John Weber has a website called Weber Woodworking, but if you go there expecting to see his woodworking prowess, you are going to be disappointed. Instead, you will find something that may be far more valuable, at least to us woodworkers: a remarkably handy site where you can buy vintage parts for your old Delta, Delta/Milwaukee and Rockwell/Delta tools. For those of us who have ever tried hunting down parts for discontinued tools, or gone through the grief of hearing a manufacturer tell us they no longer stock parts for a tool we love, this is no small thing.
How John went from occasional woodworking to the somewhat unique position of being the “go-to guy” for vintage Delta parts is perhaps even more astounding than the staggering number of parts he currently warehouses. “By training,” John told me, “I am a civil engineer, and worked for Phillips Electronics for about six years after college. After my daughter was born, I chose to be a stay at home father doing hobby woodworking on the side. I used to post regularly on the now extinct Badger Pond message board, but at present, woodworking is currently in hiatus; I’m just too busy.
“On Badger Pond I had a reputation for machine rebuilding, and had as much interest in that as in actual woodworking. Perhaps because of that, I was contacted in 2002 by someone from Delta looking for someone who might be interested in acquiring obsolete parts. Since I was unemployed at the time, I decided to go into the obsolete parts business.
“Before long, I had two tractor trailer loads of parts delivered to my home. My basement, garage, shop and yard were all full. I had parts everywhere, even though I scrapped a lot of parts that I felt were not worth stocking. By the time I would clear some space, the next tractor trailer would show up.
“When Delta was sold to Black and Decker in 2004, they went to a third party service parts supplier. You could no longer call Delta and get them to either send or make the part for you. The third party group did not want to stock as many parts. They wanted to send me 10 tractor trailer loads in 2005. I found some warehouse space and took them. All told, there have been 13 loads so far. I have some very old items, but the bulk of the parts I stock are from the 1980s and newer. I even have some parts, albeit very few, from machines currently in production.
“At present, I stock about 5,000 different parts housed in about 10,000 square feet of warehouse. All told, I stock some 300,000 pieces. The warehouse is set up so that most parts are in four foot by four foot boxes, with each labeled as to what is inside. When I get an order, I either remember where things are or I go searching. All the items are listed on an Excel spreadsheet with the original Delta part numbers, which makes it a bit easier to look up what’s needed.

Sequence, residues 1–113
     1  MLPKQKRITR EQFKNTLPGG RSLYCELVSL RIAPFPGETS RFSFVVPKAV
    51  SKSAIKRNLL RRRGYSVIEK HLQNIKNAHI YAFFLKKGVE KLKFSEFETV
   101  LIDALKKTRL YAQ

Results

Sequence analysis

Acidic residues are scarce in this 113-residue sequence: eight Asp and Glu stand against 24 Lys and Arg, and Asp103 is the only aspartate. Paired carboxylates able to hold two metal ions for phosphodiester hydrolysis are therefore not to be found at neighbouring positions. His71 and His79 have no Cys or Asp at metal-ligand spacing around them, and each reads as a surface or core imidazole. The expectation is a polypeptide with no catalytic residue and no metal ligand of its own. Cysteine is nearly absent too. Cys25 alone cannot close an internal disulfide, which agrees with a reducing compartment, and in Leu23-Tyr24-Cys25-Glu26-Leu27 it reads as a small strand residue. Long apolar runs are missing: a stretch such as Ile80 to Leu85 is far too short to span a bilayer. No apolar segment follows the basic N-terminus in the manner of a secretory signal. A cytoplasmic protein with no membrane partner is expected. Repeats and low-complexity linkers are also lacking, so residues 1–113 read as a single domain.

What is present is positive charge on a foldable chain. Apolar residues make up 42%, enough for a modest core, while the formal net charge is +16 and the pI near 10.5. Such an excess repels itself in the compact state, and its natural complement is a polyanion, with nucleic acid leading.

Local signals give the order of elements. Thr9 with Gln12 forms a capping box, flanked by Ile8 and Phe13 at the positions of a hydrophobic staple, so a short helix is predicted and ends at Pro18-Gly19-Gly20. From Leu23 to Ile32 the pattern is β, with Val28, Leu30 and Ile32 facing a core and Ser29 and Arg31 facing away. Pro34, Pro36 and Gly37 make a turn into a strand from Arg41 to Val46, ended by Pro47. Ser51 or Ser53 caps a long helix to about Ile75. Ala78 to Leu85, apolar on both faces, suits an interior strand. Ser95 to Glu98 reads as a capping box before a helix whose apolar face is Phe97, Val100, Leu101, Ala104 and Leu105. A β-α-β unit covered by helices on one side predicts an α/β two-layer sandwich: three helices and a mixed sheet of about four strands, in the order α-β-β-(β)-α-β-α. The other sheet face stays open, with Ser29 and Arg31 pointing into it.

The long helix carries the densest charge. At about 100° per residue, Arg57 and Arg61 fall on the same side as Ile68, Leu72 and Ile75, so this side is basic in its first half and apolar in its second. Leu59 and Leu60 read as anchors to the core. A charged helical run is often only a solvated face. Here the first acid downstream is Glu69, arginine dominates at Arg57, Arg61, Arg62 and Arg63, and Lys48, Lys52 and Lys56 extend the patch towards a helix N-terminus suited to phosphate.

“Oddly enough, I now sell back to Delta. If someone calls them looking for a part that they don’t stock anymore, and it is one of those that Delta knows that I carry, they buy it back from me at wholesale prices and then sell it to their customer. In essence, they are using me as a warehouse so they can continue to supply parts without actually having to maintain the space and personnel needed to do that on-site. As a result, Delta is by far my largest customer.
“In addition to selling back to Delta, I sell direct to anyone who finds me. The primary way people find me is through eBay. I post things on eBay that have a more universal appeal, such as switches, motors and parts that could be used on other machines. Drill press handles are a good example. I’ve probably sold at least 150 of those handles. It’s a standard thread that fits a lot of different tools. While sales to Delta covers my basic overhead, eBay sales cover everything else. Other than these channels, I don’t do any advertising. I’m not really set up to be much bigger, so I don’t have a lot of impetus to spread the word.
“I do have a phone number, but far and away the best way to contact me is through my email address, firstname.lastname@example.org. Frankly, if you need to talk to someone about finding a part, it’s better to go through Delta. They are better at turning a description into a part number. If you are not sure what you need, definitely call Delta. The order will still come back to me, but they will act as interpreter to get you from a general description to a specific part number.
“Still, coming direct to me can have its advantages. For example, today I have a jointer head listed on eBay that you could buy for $200. If you bought it from Delta, they would charge you $965 plus shipping.
“Personally, I feel there’s a lot to be said for buying and keeping old tools. I, for instance, have the lathe I took middle school woodshop on. It’s solid, runs great, and is a beautiful machine.”
Beyond the emotional connection we have with our tools and the fact that restoring is considered a very “green” option these days, I was pleased to hear John argue for an even more basic reason to keep the old iron going; quality.
“Granted, there is sentimentality involved in owning old tools,” John admitted, “but there’s a lot to be said for reusing, rebuilding and restoring old metal. The old tools were built well, built heavily and built to last.”
Now, thanks to him, they can be rebuilt when needed as well.